Jamie Longacre's Story
First and foremost, I'm proud to be a part of this event. Any time competitive spirit, personal drive and teamwork can be combined with cancer awareness and promotion of physical well being, that is always a positive. If my words and personal story can help anyone else associated with this event, that is invaluable.
I was an athlete growing up and have always considered myself to be an active person. Aside from a bout with appendicitis when I was 9 years old, I've been fortunate enough to avoid medical adversity. As a result, I probably became naive enough to believe, never in a million years, would I become directly affected by cancer. In the spring of 2011, my mind set would soon change. That same spring and summer provided a whirlwind of adverse personal medical news and events. Further evidence that anyone can be personally affected by cancer.
After experiencing some discomfort, I scheduled a visit to my family physician. The physical exam confirmed an abnormal mass existed and subsequent blood work and a CT scan were scheduled that same week in April of '11. The CT scan results also confirmed a malignant mass existed. Days later, I was meeting with my urologist, who had an opportunity to review the CT report and results. A strong recommendation was made, if I wanted to continue living for more than the next few years, to undergo a Radical Orchiectomy to remove the cancerous mass. Moreover, chemotherapy was going to be the treatment method post the formal surgical procedure. That treatment method was my only option as a result of cancerous germ cells spreading from the original area in my body, the groin.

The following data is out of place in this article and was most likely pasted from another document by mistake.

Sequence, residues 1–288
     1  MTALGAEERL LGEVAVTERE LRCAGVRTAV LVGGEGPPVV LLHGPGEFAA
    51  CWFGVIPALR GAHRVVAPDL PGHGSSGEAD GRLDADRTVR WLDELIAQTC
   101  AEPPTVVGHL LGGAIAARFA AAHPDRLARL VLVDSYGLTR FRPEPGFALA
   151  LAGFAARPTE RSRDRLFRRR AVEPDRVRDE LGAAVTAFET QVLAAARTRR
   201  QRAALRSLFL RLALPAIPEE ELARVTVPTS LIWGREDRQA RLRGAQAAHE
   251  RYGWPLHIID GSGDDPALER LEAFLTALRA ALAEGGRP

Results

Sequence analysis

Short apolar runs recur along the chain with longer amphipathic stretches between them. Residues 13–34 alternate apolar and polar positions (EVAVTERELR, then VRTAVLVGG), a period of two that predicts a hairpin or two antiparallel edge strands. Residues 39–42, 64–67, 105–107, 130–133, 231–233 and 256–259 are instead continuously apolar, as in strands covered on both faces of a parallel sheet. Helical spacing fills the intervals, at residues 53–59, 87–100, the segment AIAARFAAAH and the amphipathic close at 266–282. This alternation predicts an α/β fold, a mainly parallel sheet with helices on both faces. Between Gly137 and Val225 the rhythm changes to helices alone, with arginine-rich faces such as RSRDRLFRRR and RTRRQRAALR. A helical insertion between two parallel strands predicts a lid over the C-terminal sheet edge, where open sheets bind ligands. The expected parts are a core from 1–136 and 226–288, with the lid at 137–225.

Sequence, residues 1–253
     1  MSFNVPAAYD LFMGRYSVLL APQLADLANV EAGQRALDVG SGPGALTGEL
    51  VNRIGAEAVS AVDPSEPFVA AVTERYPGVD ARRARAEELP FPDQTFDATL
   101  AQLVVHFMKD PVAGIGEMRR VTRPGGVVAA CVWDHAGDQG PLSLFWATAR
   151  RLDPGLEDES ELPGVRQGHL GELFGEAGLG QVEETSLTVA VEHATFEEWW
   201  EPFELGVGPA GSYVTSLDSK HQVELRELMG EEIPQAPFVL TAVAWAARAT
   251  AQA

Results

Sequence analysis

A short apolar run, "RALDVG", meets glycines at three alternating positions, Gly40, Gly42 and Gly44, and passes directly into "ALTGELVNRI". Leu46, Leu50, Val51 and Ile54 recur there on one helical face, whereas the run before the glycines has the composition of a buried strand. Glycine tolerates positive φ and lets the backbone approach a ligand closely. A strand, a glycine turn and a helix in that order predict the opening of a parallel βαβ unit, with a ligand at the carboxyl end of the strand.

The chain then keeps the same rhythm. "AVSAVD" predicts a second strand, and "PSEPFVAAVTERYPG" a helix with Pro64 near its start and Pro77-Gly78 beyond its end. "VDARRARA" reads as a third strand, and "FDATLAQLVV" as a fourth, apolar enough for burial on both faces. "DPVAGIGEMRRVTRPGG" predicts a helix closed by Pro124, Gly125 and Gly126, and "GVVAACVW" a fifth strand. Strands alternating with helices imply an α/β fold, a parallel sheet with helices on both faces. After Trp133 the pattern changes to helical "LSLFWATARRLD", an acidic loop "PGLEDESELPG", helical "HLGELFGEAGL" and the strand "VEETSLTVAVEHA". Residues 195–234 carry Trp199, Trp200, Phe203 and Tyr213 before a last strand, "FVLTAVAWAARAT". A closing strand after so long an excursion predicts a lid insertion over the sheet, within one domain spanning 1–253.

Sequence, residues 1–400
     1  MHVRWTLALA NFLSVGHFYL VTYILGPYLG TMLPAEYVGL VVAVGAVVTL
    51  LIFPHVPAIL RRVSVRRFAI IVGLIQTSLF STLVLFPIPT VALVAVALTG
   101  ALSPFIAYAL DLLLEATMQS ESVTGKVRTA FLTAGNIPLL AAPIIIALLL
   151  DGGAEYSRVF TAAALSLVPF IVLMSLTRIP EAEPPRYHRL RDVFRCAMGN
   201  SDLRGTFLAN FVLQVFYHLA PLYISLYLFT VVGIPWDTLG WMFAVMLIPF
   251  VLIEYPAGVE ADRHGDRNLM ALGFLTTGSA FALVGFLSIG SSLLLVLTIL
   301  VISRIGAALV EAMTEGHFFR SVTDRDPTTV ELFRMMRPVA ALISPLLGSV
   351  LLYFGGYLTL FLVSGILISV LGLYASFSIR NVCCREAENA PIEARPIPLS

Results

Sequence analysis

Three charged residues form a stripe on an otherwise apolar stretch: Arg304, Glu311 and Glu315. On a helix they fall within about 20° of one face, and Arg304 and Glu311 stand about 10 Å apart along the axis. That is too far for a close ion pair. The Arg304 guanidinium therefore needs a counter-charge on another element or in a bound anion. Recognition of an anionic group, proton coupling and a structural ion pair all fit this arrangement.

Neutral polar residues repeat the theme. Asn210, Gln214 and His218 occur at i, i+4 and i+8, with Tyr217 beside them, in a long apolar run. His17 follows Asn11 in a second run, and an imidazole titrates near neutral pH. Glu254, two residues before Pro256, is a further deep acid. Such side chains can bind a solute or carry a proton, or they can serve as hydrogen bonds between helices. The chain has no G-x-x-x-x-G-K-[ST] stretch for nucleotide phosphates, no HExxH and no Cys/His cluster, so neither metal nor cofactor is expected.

I made it a point to maintain a positive frame of mind throughout all the medical testing, procedures and subsequent chemotherapy treatment (9 weeks at UPenn/Abramson Cancer Center). The surgical procedure (Paoli Hospital) and my subsequent chemotherapy treatment worked extremely well and I received much positive feedback from the staff at UPenn in terms of how I handled the chemotherapy, both physically and mentally/emotionally.
Since the fall of '11, I've been confirmed as being "in remission". That consultation was one of my favorites during my battle with cancer. A battle which I won and I'm proud to share that and hopefully provide inspiration to others. I would recommend this to those who battle cancer directly or indirectly: Don't allow the diagnosis or affliction define who you are as a person. Let your response and your subsequent actions: your drive, your fight , your will to live and succeed - add to who you truly are as a person. (RJL)
My personal thanks to my parents (Chloe always appreciates you checking in on her), Dr. Eric DiCicco, Dr. Andersen, the staff at Paoli Hospital, UPenn Nurse Practitioner Barb Zoltick, Dr. Vaughn and the remaining staff at UPenn/Abramson Cancer Center for educating me, guiding me, helping me and supporting me during my battle with cancer.
Additional thanks to Great Guys & those coordinating, participating in and supporting this fine event: Checking for Cancer
Good health, happiness and great vitality,
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